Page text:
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Date: Thu, 27 Dec 2018 20:18:16 +0100
From: Florian Weimer <>
To: Rich Felker <>
Subject: Re: DNS resolver patch

* Rich Felker:

> On Thu, Dec 06, 2018 at 07:46:02PM +0000, Laurent Bercot wrote:
>> >The musl resolver should be able to handle a resolver returning NODATA.
>> >That is popular for having a separate extranet infrastructure - your
>> >extranet DNS only contains records for your local domain and returns
>> >NODATA for requests outside that domain.
>> No, you are talking about servers containing data. The musl client
>> (which is not a resolver, because it only performs recursive queries)
>> should not contact those directly. It should contact a real resolver,
>> a.k.a. cache, and the cache will contact the servers containing data.
>> If the domain has been configured properly, the servers are never asked
>> for data that are outside that domain.
>> It is the single most annoying, most bug-prone, and most confusing
>> flaw of DNS to have "communication between the DNS client and the DNS
>> cache" (recursive queries) and "communication between the DNS cache
>> and the DNS server" (non-recursive queries) happen on the same port.
>> I'd even take a different _protocol_ if it could stop people from
>> misconfiguring DNS.
>> The default usage of BIND, which was "one single daemon is both a
>> cache and a server and we entertain the confusion", did a lot of harm
>> to the Internet. As your post illustrates, this harm pertains to this
>> day.
> I'm not sure what the relation to the confusion between querying an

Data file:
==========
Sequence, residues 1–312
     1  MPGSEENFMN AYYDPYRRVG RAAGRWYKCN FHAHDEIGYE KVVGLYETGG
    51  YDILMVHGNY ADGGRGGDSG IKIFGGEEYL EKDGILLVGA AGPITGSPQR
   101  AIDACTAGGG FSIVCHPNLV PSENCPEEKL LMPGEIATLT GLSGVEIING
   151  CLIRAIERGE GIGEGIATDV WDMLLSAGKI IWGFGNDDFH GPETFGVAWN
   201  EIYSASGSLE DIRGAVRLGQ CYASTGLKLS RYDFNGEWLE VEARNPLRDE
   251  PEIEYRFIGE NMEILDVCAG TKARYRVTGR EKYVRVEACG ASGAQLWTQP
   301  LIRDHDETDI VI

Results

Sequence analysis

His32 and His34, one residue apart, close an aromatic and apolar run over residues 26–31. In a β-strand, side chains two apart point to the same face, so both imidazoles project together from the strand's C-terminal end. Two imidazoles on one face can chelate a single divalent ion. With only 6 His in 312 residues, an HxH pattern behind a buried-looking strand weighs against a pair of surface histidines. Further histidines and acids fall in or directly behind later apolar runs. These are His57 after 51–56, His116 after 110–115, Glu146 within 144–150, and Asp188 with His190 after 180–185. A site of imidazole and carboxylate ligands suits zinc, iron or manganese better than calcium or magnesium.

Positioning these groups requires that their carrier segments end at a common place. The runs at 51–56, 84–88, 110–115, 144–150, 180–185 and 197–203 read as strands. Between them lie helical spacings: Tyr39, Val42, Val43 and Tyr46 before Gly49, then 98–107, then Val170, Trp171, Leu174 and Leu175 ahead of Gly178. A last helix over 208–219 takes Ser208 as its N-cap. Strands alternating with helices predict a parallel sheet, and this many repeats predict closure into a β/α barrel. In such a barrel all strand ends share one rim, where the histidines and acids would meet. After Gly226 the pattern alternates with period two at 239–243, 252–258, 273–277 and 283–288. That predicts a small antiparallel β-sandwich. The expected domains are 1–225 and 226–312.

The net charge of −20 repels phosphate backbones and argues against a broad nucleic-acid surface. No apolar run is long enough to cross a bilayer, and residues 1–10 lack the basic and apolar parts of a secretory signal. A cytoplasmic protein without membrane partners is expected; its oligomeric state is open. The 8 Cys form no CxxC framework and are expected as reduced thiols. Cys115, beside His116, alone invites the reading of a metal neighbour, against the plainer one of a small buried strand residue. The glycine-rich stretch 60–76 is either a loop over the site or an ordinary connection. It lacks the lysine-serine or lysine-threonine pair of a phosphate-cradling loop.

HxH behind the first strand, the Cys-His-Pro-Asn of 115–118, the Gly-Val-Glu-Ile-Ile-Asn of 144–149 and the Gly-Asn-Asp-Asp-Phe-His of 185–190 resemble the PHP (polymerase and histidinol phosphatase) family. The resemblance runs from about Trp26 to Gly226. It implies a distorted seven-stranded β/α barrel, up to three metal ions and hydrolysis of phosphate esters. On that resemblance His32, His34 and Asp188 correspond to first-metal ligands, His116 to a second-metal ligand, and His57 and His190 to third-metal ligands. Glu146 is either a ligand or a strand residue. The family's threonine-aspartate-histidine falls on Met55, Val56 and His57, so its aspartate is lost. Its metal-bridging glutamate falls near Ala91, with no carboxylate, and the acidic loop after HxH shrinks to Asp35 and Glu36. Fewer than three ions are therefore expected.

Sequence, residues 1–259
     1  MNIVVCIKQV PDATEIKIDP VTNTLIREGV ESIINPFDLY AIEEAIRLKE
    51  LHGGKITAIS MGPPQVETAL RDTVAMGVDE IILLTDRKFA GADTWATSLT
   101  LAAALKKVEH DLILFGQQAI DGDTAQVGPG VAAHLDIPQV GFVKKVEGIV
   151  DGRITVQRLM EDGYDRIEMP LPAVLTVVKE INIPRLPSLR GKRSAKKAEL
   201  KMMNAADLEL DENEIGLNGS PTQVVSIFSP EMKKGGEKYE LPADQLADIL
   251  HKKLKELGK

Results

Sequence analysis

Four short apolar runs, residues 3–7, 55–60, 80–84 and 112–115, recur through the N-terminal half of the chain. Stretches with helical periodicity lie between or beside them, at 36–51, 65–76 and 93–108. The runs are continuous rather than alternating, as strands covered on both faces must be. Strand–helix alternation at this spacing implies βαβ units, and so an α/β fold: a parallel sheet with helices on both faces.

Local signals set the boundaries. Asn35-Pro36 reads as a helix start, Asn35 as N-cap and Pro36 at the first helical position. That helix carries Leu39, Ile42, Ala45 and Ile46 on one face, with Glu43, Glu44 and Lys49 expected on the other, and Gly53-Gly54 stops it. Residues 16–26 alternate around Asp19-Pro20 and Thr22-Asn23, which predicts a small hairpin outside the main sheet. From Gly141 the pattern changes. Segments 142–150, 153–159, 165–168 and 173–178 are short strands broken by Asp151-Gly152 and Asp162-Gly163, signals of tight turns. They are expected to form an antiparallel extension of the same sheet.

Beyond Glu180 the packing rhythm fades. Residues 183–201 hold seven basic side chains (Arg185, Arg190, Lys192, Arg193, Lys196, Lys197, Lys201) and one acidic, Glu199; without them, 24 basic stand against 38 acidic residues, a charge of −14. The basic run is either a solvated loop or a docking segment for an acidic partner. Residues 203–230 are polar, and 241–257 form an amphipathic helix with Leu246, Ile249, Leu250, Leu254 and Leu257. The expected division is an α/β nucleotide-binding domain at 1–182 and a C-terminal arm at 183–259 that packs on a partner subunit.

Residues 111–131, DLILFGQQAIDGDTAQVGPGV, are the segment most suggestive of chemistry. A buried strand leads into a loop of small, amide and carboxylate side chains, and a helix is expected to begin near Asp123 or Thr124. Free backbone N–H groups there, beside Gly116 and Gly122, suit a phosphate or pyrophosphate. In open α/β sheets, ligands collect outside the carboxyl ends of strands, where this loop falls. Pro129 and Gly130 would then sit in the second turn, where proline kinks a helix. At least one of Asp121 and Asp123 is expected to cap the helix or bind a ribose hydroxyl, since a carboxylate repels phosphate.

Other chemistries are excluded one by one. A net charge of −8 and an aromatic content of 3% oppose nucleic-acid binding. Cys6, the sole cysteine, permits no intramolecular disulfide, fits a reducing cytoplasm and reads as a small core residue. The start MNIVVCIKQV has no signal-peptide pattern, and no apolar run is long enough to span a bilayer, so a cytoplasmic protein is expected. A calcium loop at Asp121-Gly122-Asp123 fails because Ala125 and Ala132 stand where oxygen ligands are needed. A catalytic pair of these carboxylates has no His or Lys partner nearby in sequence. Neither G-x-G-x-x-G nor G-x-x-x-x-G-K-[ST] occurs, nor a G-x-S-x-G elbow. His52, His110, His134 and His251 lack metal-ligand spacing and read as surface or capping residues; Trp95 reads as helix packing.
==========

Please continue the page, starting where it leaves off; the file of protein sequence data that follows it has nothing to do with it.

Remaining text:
> authoritative server and a recursive server is here, but the quoted
> interpretation of NODATA above is wrong independent of any such
> confusion. NODATA does not indicate that the server you asked doesn't
> know about the queried name. It indicates that that queried name
> exists but has no records of the requested type.

Maybe a referral looks like a NODATA response upon cursory inspection?

glibc has code which switches to the next configured nameserver upon
encountering what looks like a referral:

		if (anhp->rcode == NOERROR && anhp->ancount == 0
		    && anhp->aa == 0 && anhp->ra == 0 && anhp->arcount == 0) {
			goto next_ns;

(Oops: When EDNS support is enabled, this check is buggy because
anhp->arcount is not necessarily zero due to the OPT record.)

REFUSED is handled the same way, so I think this enables the
misconfiguration A. Wilcox described.  Fortunately, we still only
support three name servers, so there is a limit to what people can do
with this.

Curiously this isn't something that was part of the original BIND stub
resolver code.  It's a fairly recent addition to the glibc stub
resolver, dating back to 2005 only.

Recognizing referrals reliably is quite hard; I wouldn't immediately
know how to implement that in a stub resolver.  (Back in 2005,
referrals with a non-empty answer section were still common, I think.)
It's easier in a recursive resolver because you can just follow the
referral (with some safeguards to deal with loops and other
nastiness).  And you can do a lameness check if you know that the
sever should be authoritative.

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